Deming did not reject the value of statistical methods for improving production and management. He rather expanded their scope to study not only workers but management and leadership as well. In so doing, he launched a quality movement that continues to this very day. Before World War II, Deming honed his philosophy and put it to work with the US census bureau. During the War, he was part of a team that helped to improve standards and wartime production. After the War, however, in the face of huge overseas demand for American products, Deming encountered a waning interest in continuous improvement and TQM. Why bother to spend money on TQM, when everyone wanted what America had to sell, regardless of its quality?

The Japanese, on the other hand, devastated as they were from the War, could not be so cavalier. To rebuild their society and their economy, they were hungry for what Deming had to offer: a lean way of getting things done through people with ever more efficiency, effectiveness, and quality. The message fell on fertile soil. After more than a decade of work, Deming was awarded the second highest rank in Japan’s Order of the Sacred Treasurer by the Prime Minister and Emperor of the country. The citation on the medal recognizes Deming’s contribution to Japan’s industrial rebirth and worldwide success after the War.

Deming was so influential that he is credited with launching the Total Quality Movement in manufacturing and business. When American businesses needed to become more competitive in the 1970s and 1980s, they brought in Deming as a consultant to help turn things around. Ford Motor Company, most notably, worked with Deming to develop not only a new image but also a new corporate culture that came to be summarized in their now-famous slogan, “Quality Is Job One.” Deming’s approach to TQM is summarized by his 14 key principles for transforming business effectiveness. First published in the early 1980s, these principles continue to define TQM in ways that stand in stark contrast to many management gurus:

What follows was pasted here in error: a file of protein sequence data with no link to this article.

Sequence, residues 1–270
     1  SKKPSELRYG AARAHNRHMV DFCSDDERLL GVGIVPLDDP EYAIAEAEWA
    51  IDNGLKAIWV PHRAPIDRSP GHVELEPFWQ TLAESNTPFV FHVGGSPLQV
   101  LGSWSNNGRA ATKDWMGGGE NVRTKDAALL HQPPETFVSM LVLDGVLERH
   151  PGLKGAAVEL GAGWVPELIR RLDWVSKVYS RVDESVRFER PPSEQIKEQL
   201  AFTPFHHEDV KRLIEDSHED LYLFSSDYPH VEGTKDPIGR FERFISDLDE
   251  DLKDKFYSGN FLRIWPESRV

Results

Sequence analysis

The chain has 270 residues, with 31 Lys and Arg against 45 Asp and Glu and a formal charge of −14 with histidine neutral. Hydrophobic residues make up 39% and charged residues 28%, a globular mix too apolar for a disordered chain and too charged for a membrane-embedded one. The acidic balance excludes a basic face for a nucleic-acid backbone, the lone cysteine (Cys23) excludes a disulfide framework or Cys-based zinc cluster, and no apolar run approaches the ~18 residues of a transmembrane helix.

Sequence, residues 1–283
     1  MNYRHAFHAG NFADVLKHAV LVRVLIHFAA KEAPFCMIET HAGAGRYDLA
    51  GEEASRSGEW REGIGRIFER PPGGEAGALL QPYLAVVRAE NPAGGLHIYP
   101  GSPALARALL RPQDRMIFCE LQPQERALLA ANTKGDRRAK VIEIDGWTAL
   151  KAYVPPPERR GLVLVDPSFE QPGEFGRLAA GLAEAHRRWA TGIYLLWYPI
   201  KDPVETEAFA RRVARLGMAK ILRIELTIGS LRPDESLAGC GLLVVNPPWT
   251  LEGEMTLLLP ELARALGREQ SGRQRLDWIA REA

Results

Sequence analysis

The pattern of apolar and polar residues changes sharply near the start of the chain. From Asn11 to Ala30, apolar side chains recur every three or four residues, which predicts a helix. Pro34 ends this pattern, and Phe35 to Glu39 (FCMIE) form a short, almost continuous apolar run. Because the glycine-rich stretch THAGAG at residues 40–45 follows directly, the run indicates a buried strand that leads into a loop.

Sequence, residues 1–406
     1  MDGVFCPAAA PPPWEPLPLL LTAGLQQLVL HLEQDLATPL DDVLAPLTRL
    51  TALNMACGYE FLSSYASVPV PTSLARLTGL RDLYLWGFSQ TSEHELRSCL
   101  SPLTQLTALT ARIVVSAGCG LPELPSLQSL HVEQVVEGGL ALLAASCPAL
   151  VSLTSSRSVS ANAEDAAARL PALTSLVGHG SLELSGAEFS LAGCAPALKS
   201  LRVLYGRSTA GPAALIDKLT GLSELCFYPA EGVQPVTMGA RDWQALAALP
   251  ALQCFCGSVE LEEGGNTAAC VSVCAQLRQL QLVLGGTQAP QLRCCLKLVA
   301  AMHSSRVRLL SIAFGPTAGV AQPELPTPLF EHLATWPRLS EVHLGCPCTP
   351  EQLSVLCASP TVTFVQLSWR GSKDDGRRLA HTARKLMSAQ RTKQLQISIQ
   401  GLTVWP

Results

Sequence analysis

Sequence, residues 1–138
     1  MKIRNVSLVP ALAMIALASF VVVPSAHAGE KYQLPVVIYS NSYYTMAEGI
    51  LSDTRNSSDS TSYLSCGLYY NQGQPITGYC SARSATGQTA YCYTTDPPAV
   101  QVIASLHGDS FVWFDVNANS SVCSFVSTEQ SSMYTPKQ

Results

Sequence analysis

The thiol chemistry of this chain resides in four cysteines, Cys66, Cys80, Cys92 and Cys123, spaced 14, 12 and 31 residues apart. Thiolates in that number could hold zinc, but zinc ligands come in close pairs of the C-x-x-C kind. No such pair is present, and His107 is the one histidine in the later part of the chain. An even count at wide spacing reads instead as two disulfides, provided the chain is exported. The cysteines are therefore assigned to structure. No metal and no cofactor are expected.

1. Create constancy of purpose toward improvement of product and service, with the aim to become competitive and stay in business, and to provide jobs.
  2. Adopt the new philosophy. We are in a new economic age. Western management must awaken to the challenge, must learn their responsibilities, and take on leadership for change.
  3. Cease reliance on mass inspection to achieve quality. Eliminate the need for inspection on a mass basis by building quality into the product in the first place.
  4. End the practice of awarding business on the basis of price tag. Instead, minimize total cost. Move toward a single supplier for any one item, on a long-term relationship of loyalty and trust.
  5. Improve constantly and forever the system of production and service, to improve quality and productivity, and thus constantly decrease costs.
  6. Institute training on the job.
  7. Institute leadership. The aim of supervision should be to help people and machines and gadgets to do a better job. Supervision of management is in need of overhaul, as well as supervision of production workers.
  8. Drive out fear, so that everyone may work effectively for the company.
  9. Break down barriers between departments. People in research, design, sales, and production must work as a team, to foresee problems of production and in use that may be encountered with the product or service.
  10. Eliminate slogans, exhortations, and targets for the work force asking for zero defects and new levels of productivity. Such exhortations only create adversarial relationships, as the bulk of the causes of low quality and low productivity belong to the system and thus lie beyond the power of the work force.
  11. (a.) Eliminate work standards (quotas) on the factory floor. Substitute leadership. (b.) Eliminate management by objective. Eliminate management by numbers, numerical goals. Substitute leadership.
  12. (a.) Remove barriers that rob the hourly worker of his right to pride of workmanship. The responsibility of supervisors must be changed from mere numbers to quality. (b.) Remove barriers that rob people in management and in engineering of their right to pride of workmanship. This means, inter alia, abolishment of the annual or merit rating and of management by objective.
  13. Institute a vigorous program of education and self-improvement.
  14. Put everybody in the company to work to accomplish the transformation. The transformation is everybody’s job.

Those principles are certainly not scientific management in the Frederick Taylor sense of the word. They are not even commonly advocated by many, modern management gurus. Eliminate management by objective? Heresy! Abolish the annual or merit rating system? Impossible! Such tenets have permeated every corner of society, with education being a prominent contemporary battleground. There is more, not less, pressure to set objectives, to evaluate performance on the basis of those objectives, and to mete out rewards and punishments to those who excel and those who fail to measure up.